TCREUR_Public/150318.mbx         T R O U B L E D   C O M P A N Y   R E P O R T E R

                           E U R O P E

          Wednesday, March 18, 2015, Vol. 16, No. 54



NEXTEER AUTOMOTIVE: 2014 Results Support Moody's 'Ba1' CFR
PAPREC HOLDING: Moody's Assigns 'B1' CFR; Outlook Stable
PAPREC HOLDING: S&P Assigns Preliminary 'B+' CCR; Outlook Stable


VULCAN LTD: Fitch Raises Rating on Class D Notes to 'CCCsf'


ALPHA BANK: S&P Retains CCC+ Rating on CreditWatch Negative
SEANERGY MARITIME: Claudia Restis Reports 43% Stake at Dec. 30
* Moody's Says Greek RMBS Performance Stable in January 2015


DARTRY PARK: Moody's Assigns 'Ba2' Rating on EUR24.5MM D Notes
DARTRY PARK: Fitch Assigns Final 'B-sf' Rating to Class E Notes


BANCA MEDIOCREDITO: Fitch Cuts LT Issuer Default Rating to 'B'
MEDIOCREDITO TRENTINO: Fitch Lowers IDR to 'BB-'; Outlook Stable


DTEK ENERGY: Fitch Cuts Long-Term Issuer Default Ratings to 'C'


COPEINCA AS: Fitch Raises Foreign Currency IDR to 'BB-'


PORTO CITY: Fitch Affirms 'BB+' Issuer Default Rating


ARMONIA CENTER: Put Up for Sale for EUR7MM; APS Among Creditors


ISR TRANS: Moody's Withdraws 'Caa1' Corporate Family Rating
ISR TRANS: Moody's Withdraws '' LT NS Corp. Family Rating
MTS BANK: Fitch Affirms 'b-' Viability Rating
NIZHNIY NOVGOROD: Fitch Revises Outlook to Neg. & Affirms BB IDR
PENZA REGION: Fitch Affirms 'BB' IDR; Outlook Positive

ULYANOVSK REGION: Fitch Lowers IDRs to 'B+'; Outlook Negative
URAL-INVEST LLC: April 16 Hearing Scheduled for Bankruptcy Claim


BANCO DE MADRID: Files for Creditor Protection


BELVEDERE UKRAINE: Parent Challenges Court Ruling on Auction

U N I T E D   K I N G D O M

BLIPFOTO: Funding Issues Prompt Liquidation
OLD MUTUAL LIFE: Fitch Affirms 'BB' Subordinated Debt Rating
PETERBOROUGH PLC: S&P Affirms 'B-' Rating on Sr. Sec. Bank Loan
TRAVELPORT WORLDWIDE: S&P Raises CCR to 'B'; Outlook Positive
WAGAMAMA FINANCE: S&P Reinstates 'B-' Rating on GBP150MM Notes


* S&P Takes Various Rating Actions on European CDO Tranches
* Moody's Publishes New Bank Rating Methodology



NEXTEER AUTOMOTIVE: 2014 Results Support Moody's 'Ba1' CFR
Moody's Investors Service said that Nexteer Automotive Group
Limited's improved financial results for 2014 support its Ba1
corporate family rating and senior unsecured rating as well as
the stable rating outlook.

"Nexteer's posting of robust revenue growth and an improved
EBITDA margin in 2014 exceeded our expectations, driven mainly by
the ramping up of its newly launched electric power steering
programs with better gross margin," says Chenyi Lu, a Moody's
Vice President and Senior Analyst. "The company also achieved new
customer and program wins in China, and made progress on cost

Based on Nexteer's announcement, revenue grew 24.8% year-on-year
to US$2.98 billion in 2014 from US$2.39 billion in 2013.  The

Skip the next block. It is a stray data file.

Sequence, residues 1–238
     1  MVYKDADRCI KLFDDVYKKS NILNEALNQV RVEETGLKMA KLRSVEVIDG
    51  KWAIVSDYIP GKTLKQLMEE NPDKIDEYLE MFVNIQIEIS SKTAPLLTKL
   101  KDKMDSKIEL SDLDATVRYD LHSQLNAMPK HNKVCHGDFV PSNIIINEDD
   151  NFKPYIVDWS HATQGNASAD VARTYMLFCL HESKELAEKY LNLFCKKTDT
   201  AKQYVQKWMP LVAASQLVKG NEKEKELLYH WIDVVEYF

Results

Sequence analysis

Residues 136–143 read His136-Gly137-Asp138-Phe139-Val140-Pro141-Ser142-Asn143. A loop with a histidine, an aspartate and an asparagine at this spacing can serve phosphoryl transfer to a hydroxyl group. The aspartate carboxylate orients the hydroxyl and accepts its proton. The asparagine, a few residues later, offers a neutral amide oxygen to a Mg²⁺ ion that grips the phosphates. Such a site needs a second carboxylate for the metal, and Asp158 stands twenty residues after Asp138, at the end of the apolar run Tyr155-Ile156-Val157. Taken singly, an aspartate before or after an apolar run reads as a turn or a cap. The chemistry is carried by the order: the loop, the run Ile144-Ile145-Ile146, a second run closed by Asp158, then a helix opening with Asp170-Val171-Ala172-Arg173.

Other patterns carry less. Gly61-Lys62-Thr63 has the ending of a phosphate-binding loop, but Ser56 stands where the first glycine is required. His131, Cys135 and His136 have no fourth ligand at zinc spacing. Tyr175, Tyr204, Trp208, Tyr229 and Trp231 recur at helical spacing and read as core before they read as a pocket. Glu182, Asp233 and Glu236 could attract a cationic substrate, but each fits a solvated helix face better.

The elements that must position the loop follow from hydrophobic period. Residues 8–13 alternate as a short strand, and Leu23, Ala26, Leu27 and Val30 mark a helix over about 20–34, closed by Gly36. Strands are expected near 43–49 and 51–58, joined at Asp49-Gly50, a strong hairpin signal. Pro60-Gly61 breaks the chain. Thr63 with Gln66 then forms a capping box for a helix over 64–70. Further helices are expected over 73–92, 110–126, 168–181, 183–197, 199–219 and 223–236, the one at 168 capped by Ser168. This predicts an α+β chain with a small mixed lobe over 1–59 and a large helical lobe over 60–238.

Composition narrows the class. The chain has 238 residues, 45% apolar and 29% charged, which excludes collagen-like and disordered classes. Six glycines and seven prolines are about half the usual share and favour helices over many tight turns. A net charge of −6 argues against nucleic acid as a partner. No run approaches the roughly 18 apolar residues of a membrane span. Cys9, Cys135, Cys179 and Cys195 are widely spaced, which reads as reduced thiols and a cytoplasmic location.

company's adjusted EBITDA margin also improved to 9.3% from 6.8%.
Consequently, adjusted EBITDA increased by 70.7% year-on-year to
US$276 million from US$161 million 2013.

The increase in earnings led in turn to an improvement in
Nexteer's financial leverage to 3.0x in 2014 from 4.2x in 2013,
despite the rise in debt.  Adjusted debt grew to US$817 million
at end-2014 from US$673 million at end-2013, driven mainly by a
bond issuance of US$250 million in November 2014.  However, this
level of leverage is in line with its Ba1 rating.

Moody's expects Nexteer's revenue to grow by high-single digits
on an annual basis over the next 12-18 months, driven by the
ramping up of its newly launched electric power steering programs
this year and the last two years, and its growing customer base
and new program wins in China.

Moody's also expects its EBITDA margin to stay at current levels
as Nexteer expands its scale of operations and continues with
cost improvements to counter the effects of the price reductions
demanded by auto manufacturers.

Moody's expects Nexteer's adjusted debt/EBITDA to decline to
2.5x-3.0x over the next 12-18 months, given the company's
expected robust revenue growth and stable margins.

Nexteer's liquidity position is adequate.  The company had
unrestricted cash of US$380 million at end-2014, more than
sufficient to cover capex of $175 million and short-term maturing
debt of US$97 million.

The Ba1 corporate family rating incorporates a two-notch uplift
based on Moody's expectation of strong support in times of
financial distress, mainly from Aviation Industry Corporation of
China (unrated), the ultimate owner of AVIC Automobile Industry
Holding Co., Ltd. (unrated), which has a beneficial ownership of
34% in Nexteer.

The principal methodology used in this rating was Global
Automotive Supplier Industry published in May 2013.

Headquartered in Saginaw, Michigan, and listed on the Hong Kong
Stock Exchange in October 2013, Nexteer Automotive Group Limited
manufactures steering and driveline systems.  The company has 20